“Windmills in the sea? Then fishermen decide with you!” says Dutch MEP and Vice-Chair of the PECH Committee, Peter van Dalen
Dutch MEP and Vice-Chair of the European Parliament’s Committee on Fisheries, Peter van Dalen, has called on greater cooperation between governments and fishers when it comes to planning offshore wind farms.
As part of the EU’s Green Deal, at-sea solutions for energy production are being implemented with fishers being driven off important fishing grounds. Noise pollution and damaging the natural flow of the sea’s currents are major concerns for some marine scientists, but EU Member States seem happy to ignore science in order to fulfil their targets on offshore wind farms and low carbon electricity.
Today, Mr van Dalen presented a report to the European Parliament, and at a press conference in Strasbourg this morning, he laid out the report.
Parliament is expected to adopt the report highlighting the potentially negative impact that the construction of new wind turbines in European seas could have on marine life and fisheries. MEPs are expected to ask for fishermen and those most affected to be included in the decision-making process before new offshore wind turbines are built.
EU seas already house more than 5,000 wind turbines. To reach the EU’s 2050 targets on offshore wind energy capacity, new turbines would have to occupy fifteen times the marine space currently used.
While many EU citizens are being led to believe that fishers are hostile to the building of offshore energy production, it is not the case. Fishers are mainly concerned with where these turbines are constructed, and so far, prime traditional fishing areas have been targeted by developers which are forcing fishers into financial losses. When an offshore wind farm is built, it effectively privatises the area it encroaches and bans fishing vessels from operating within that radius.
Mr van Dalen pointed out that people on land have objected to the building of wind turbines near them or in places of natural importance and have forced these developments offshore onto the sea, but fishers have a right to be treated equally.
“The energy transition is necessary, so we must, among other things, switch to clean energy via wind turbines. However, more and more people on the European mainland do not want windmills in their living environment. “Not in my back yard”, so many shout.
“Then people quickly look at the sea: put those windmills there. The Parliament’s Fisheries Committee almost unanimously believes that the construction of wind farms in the sea should be discussed together with the fishermen. After all, they are the oldest users of the sea and that is why the core of my report is:
Windmills in the sea? Then fishermen decide with you!
“Not some vague participation, but real, full participation from the fishermen about where the wind turbines will be placed. Effective and permanent consultation with fishermen and aquaculture producers minimizes or even prevents conflicts in the construction of wind turbines in the sea. In this way, the fishermen are on a level playing field against the powerful multinationals that build windmills in the sea.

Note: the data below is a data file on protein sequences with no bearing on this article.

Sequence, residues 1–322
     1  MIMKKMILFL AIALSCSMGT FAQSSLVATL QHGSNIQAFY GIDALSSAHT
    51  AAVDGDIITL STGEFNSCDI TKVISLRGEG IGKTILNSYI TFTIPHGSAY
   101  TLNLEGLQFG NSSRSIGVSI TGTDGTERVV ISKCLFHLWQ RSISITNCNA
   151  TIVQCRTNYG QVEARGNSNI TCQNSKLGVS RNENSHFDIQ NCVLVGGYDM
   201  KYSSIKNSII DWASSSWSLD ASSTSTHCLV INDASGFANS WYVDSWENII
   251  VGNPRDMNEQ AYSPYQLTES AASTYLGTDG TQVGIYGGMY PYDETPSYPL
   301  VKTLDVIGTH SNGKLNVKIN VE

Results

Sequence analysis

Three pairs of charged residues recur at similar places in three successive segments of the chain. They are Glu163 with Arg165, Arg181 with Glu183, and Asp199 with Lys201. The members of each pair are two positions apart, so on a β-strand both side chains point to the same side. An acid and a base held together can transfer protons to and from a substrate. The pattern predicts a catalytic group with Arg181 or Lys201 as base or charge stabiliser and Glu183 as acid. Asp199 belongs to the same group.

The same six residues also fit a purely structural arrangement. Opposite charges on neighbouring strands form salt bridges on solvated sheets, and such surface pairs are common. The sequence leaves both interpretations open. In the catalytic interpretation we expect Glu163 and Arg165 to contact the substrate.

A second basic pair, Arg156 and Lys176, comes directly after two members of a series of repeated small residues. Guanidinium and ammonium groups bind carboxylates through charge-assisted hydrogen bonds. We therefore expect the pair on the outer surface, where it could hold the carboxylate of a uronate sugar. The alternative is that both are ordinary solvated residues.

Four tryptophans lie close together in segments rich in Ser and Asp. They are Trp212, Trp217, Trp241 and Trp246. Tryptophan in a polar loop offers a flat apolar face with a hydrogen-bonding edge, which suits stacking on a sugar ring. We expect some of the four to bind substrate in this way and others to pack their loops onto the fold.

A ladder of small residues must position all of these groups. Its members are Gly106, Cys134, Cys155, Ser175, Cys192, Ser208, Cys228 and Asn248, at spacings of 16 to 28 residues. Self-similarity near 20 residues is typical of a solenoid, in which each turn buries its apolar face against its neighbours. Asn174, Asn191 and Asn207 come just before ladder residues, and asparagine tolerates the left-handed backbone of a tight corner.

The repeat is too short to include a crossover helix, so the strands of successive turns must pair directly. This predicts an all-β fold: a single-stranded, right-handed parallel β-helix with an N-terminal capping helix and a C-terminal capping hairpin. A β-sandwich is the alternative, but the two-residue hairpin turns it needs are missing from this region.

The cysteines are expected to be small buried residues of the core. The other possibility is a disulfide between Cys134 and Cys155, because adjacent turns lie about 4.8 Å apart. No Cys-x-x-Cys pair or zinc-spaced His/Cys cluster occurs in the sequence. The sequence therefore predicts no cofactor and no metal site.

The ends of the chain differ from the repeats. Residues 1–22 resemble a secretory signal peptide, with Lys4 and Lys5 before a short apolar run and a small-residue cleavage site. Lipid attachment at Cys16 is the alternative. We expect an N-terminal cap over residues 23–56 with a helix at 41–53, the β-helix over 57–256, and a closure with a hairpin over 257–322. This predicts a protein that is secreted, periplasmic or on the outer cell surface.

“I think this choice of the Fisheries Commission is extremely wise! Fishermen know where the best fishing grounds are, and they want to preserve them in a sustainable way. That is why I also propose in my report to examine whether windmills can be placed in marine protected areas, because then fishermen are not taken too much fishing ground.
“My report also points to the risks associated with the construction of offshore wind farms. For example, when driving the piles, a very loud noise of more than 130 decibels is released, which is comparable to the sound volume of an aircraft taking off very close. What does this do to the fish? Are they temporarily or permanently deaf? How does the electromagnetic radiation from the cables affect electrically sensitive fish such as rays and sharks? To what extent is maritime biodiversity affected during the construction, operation and demolition of wind turbines? More research is needed, as such questions have not yet been sufficiently answered.
“The report emphasizes that offshore wind farms should only be built if it is excluded that negative environmental and ecological, as well as economic, socio-economic and socio-cultural effects for fishermen and aquaculture producers will occur. Application, therefore, of the precautionary principle of Article 191 paragraph 2 TFEU.
“The European Commission assesses the maritime spatial plans of the Member States. In doing so, she must pay attention to the interests of the fishery and the effects on the fish! That is my message to the Commissioner.”
by Oliver McBride